I've worked my ass off and nothing has worked out, and I'm probably killing myself on the inside with all the stress I'm putting on myself. I know I'm venting right now, but my life seriously so far has been one fucking disaster after another despite the fact that I try to be a good person (help others out) and that I try my best. So yeah, I am negative, but please understand that there's a reason why I am this way. At this point, I really don't know what to do with myself and my life. If anyone has any suggestions, I'm open to them, but I'm really wondering whether I should just accept the fact that I'm a dumbass/failure and just move on with my life instead of chasing lofty dreams that I'm obviously incapable of attaining.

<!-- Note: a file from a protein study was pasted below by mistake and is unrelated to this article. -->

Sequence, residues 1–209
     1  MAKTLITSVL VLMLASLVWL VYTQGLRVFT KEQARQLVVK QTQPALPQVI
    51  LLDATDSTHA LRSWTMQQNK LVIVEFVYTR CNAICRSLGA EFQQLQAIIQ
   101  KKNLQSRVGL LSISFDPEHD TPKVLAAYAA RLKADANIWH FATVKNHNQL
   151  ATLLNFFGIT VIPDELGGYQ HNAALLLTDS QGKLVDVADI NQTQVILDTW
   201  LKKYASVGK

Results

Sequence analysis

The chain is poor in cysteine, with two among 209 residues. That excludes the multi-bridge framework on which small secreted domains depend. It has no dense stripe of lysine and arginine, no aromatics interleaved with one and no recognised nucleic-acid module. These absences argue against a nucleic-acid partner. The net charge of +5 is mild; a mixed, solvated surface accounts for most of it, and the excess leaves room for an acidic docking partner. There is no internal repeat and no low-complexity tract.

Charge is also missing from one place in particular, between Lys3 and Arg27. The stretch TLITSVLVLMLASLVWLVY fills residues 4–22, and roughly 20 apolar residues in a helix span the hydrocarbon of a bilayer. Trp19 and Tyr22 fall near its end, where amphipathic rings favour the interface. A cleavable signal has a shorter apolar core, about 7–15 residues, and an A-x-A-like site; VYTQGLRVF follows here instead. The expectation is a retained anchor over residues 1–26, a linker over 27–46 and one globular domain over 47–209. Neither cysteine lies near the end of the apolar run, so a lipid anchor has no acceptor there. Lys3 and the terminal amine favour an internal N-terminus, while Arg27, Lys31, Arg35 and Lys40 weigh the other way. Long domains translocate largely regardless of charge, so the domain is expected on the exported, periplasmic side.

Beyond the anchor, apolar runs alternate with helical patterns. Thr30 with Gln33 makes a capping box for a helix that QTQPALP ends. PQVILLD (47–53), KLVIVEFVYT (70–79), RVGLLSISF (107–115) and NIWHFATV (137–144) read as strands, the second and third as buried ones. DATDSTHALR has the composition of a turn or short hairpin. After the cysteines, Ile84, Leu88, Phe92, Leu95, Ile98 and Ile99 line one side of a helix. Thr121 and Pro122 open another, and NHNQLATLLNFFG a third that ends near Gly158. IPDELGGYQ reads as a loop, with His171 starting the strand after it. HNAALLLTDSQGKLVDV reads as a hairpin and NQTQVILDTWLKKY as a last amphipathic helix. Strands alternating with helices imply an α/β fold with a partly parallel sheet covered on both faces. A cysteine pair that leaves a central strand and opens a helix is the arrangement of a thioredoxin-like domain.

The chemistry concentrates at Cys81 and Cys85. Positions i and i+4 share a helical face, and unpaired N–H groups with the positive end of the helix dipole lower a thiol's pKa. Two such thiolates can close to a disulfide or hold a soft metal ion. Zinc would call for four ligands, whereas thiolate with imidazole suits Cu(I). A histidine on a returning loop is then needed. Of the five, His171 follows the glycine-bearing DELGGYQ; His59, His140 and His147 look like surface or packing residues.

IBankingReject- you sound like a fucking loser
or at least you have the mentality of one.

why do you think you didn't get into the school of your choice, despite busting your ass in high school?
why do you think you got dinged from the fraternity of your choice?
why do you think not one bank has granted you an interview?

It's b/c your negativity and bullshit self-deprecation is making people think you are a fucking loser.

You won't enjoy any success until you adjust your attitude.

also, may I ask what "Crappy" state school you go to? If you busted your ass in high school, I assume you got good grades and test scores, so I bet you go to a respectable university.

2/2/10

post deleted...beating a dead horse too much.

2/3/10
ibankingreject:

post deleted...beating a dead horse too much.

too late, I read it.

So your school is ranked in the US News 100's huh.

Let me try to guess it: